A Dictionary of the Sussex Dialect.
Nestle. To be restless.
Nestle-about, m. To work about a little in and out of the house.
"I aint done naun but just nestle about house for the last three weeks, and I be quite nett-up this weather."
Nettle-spring. The nettle-rash.
Nett-up. Exhausted with cold.
News. To tell anything as news. "It was newsed about."
Nexdy. [Contraction of next day.] The day after to-morrow.
Ni, w. [Nid, French, a nest; spelt ni in old French.] A brood of pheasants.
Nidget, e. A little bug.
Nidget. A horse-hoe used for cleaning the ground between rows of hops, called in some parts of East Sussex an idget.
Niff. To quarrel; to be offended.
Nip, e. A stingy fellow; a close and sharp bargainer; just honest and no more.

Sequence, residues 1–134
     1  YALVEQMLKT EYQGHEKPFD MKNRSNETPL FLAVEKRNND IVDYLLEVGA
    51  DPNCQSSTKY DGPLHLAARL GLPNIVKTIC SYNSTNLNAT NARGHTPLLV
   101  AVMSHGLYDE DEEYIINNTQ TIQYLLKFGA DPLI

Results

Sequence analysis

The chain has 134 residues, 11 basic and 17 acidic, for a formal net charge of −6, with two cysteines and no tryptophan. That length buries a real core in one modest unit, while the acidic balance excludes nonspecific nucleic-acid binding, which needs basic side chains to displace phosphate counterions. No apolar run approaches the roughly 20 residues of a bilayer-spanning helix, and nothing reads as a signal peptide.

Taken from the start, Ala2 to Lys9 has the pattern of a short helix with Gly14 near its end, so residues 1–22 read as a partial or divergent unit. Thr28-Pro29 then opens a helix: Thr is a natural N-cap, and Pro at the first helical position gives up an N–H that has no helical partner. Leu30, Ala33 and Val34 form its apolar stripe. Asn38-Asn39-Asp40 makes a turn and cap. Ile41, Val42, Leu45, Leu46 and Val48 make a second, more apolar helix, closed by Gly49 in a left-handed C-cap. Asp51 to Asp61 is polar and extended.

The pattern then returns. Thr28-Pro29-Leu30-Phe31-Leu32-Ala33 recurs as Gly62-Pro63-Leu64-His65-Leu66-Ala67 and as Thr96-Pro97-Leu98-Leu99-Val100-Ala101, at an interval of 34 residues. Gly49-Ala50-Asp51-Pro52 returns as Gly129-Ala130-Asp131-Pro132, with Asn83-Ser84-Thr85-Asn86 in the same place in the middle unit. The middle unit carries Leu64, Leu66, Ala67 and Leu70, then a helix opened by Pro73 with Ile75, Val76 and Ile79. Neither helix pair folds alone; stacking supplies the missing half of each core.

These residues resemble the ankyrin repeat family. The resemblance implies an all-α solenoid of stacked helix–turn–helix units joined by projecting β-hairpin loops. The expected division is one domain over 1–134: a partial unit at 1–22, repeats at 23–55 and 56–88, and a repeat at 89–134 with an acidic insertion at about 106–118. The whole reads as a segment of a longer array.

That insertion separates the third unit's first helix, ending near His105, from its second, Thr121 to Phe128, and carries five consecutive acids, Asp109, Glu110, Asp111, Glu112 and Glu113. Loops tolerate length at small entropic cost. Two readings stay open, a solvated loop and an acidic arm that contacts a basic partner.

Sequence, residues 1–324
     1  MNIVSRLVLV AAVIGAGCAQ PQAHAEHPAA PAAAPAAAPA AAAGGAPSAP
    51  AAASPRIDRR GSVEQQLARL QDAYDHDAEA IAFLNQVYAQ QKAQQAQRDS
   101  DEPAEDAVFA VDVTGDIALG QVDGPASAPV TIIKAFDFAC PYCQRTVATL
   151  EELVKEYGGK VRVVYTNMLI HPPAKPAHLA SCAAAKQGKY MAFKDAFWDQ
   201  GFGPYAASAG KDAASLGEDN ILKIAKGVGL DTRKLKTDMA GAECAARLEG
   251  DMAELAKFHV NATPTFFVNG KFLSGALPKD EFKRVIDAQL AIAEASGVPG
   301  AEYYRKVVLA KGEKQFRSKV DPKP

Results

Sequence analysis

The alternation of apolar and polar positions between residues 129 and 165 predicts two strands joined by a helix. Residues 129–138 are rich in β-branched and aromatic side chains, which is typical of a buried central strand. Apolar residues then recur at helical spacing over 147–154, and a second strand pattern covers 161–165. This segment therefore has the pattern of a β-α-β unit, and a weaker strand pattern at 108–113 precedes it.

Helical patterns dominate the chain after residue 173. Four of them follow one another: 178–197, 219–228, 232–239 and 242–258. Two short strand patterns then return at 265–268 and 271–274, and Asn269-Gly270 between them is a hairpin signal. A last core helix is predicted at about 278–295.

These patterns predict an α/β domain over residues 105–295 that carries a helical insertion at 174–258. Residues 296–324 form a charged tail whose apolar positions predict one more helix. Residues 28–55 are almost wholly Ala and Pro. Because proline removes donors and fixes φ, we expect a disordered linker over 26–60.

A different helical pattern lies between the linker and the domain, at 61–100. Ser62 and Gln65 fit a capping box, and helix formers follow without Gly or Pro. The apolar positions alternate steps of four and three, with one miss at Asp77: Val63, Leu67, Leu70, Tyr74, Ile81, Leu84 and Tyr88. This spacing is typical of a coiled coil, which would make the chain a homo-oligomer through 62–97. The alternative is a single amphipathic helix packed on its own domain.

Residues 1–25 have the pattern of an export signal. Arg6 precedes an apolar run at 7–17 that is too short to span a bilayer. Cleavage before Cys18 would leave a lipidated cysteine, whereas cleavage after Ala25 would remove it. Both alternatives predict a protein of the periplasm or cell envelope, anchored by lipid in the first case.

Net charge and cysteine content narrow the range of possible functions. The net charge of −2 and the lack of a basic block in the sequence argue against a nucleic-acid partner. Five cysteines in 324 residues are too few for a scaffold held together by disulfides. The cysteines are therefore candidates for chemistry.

Nipper, m. A common nickname for the youngest member of the family, or for one who is unusually small for his age.
Nod. The back of the neck.
"It catched me right across the nod of my neck."
Nogging. Courses of bricks worked in between a frame of wood work in a building.
Nohows, m. In no way. Often expanded into "no-hows-de-wurreld," for no how in the world.
Nonce, w. Purpose; intent; design.
" I have cases of buckram for the nonce, to immask our noted outward garments." —I Henry IV., Act i. sc. 2.
Non-plush. [Non-plus.] Completely bewildered.
No-one-wheres. Superlative form of nowhere.
"I shouldn't have been no ways consarned about it, naunbut my mistus she took on so; she was quite non-plushed she was, for she couldn't find that young nipper no-one-wheres."
No-ought, m. "You had no-ought" is the same "as you ought not."